. It provides a cross between the mindless absorption of the TV setand the obsessive self-involvement of the bathroom mirror. It alsoprovides a voyeur with enough material to last a lifetime. The minutiaof status updates, pictures, videos, top ten lists, interest groups,invitations, and games, this is the white noise of Facebook constantlybuzzing; a social hive for restless young (and mid-life) Americans toretreat to; a place where, at least momentarily, we feel less alone andmore connected.Over the years, the lost figures of my past, lovers, classmates,fraternity brothers, even downright enemies, have slowly accumulatedonto my friend list. From kindergarten on, these lost figures werecoming out of the cyber woodwork to greet me. My typical Facebookreunion is one of unanticipated glee or terror, depending on thememories and the length of the conversation.High school acquaintances, girls I befriended at summer camps, oldteachers, some of my parents’ friends and a couple odd relatives havefound their way to my profile; the friend list grows over time, formingan interesting social mosaic.Of course, these people are my friends only according to the looseFacebook taxonomy. Some of them I haven’t even met before. Someare in fact strangers. Others I’ve met and known for vast chunks of time, but honestly, I never really cared for them. And finally, a largegroup of my Facebook friends seem to fit the term, but only partially. Yes, we were once friends. But for last ten or fifteen years we haven’tsaid a word to each other much less knew the other person stillexisted.What about my real-life friends? Ironically, most of them are not onFacebook! They refuse the technology like children refusing treatmentin a dentist’s office.So I’m keeping up with a handful of people whom I call my “friends”and who fit the bill better than anyone else on the list. We’recommunicating to each other every five or six months on the weakestpossible thread—doing a sort of call and response to the most generalof questions, “How’s life?” or “What are you up to?”
I ask myself: Could I live without these exchanges?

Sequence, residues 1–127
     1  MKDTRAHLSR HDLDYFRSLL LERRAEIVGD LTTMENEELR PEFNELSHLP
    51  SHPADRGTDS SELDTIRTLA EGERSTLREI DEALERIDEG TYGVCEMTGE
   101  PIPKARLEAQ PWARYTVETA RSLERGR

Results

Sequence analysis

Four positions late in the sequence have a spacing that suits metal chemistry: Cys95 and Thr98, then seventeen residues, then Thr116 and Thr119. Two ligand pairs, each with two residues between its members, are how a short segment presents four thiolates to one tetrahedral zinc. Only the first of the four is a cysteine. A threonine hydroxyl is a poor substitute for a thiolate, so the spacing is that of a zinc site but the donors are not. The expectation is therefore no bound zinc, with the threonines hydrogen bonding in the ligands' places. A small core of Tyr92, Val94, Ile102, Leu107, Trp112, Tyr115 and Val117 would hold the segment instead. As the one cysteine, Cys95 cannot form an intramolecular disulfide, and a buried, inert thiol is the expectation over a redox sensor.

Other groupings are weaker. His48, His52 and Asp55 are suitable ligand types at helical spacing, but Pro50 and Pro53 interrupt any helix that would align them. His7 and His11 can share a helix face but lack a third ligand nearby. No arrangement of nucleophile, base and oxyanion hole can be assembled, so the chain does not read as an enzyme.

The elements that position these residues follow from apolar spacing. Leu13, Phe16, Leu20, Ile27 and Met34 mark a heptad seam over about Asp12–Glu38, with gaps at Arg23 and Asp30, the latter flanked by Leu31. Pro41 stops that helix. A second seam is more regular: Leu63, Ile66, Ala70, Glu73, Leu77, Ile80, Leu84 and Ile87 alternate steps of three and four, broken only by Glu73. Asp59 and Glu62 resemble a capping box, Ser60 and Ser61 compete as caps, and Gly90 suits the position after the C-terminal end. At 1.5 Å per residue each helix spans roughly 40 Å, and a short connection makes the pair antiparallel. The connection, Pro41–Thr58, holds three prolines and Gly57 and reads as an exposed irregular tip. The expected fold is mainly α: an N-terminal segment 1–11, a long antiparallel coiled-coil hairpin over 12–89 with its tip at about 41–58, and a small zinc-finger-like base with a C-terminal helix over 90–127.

Could I livewithout the photo updates? Do I really need to know what my ex-girlfriend’s husband looks like?
 
 This is not the past. Nor is it the present. It is the past interpenetratingthe present. The people I once knew in high school or college have onlya faint resemblance to their former selves. They may look the same,but there is something different about them. Marked by the passage of time, they are different people.I could never really know these people, could I? A sporadicconversation through a private message board can only yield so muchinformation. Nonetheless, I’m drawn to this virtual carnival of friendship as I indolently peruse the photo albums of old classmatesand acquaintances. Their personal pages tell me so very little and yetthat seems to be part of the fascination, the little colored fragmentshere and there which allow me to construct a fable of their separatelives. There is activity everywhere. The buzzing of status updates,comments, and wall posts gives the impression of life behind theprofiles. Located on my homepage, front and center, is the “friendfeed”, a social ticker tape that informs me of everyone’s doings. Newfriendships are announced, as are modifications to profiles and newphotos or videos.Facebook didn’t really make a difference to me until I actually met oneof these lost figures from my past. That is, I could have easily existedwithout the technology. It was an odd curiosity to glimpse through thephoto albums of my old classmates, but not a necessity for social well-being.After I broke up with my girlfriend, I found myself—once again—indolently browsing the pages of my “friend’s” profiles. One picture inparticular caught my attention—my childhood best friend, Brad Dolin,and another childhood friend, Emily Crement, are standing together ona gymnasium floor, smiling for the camera.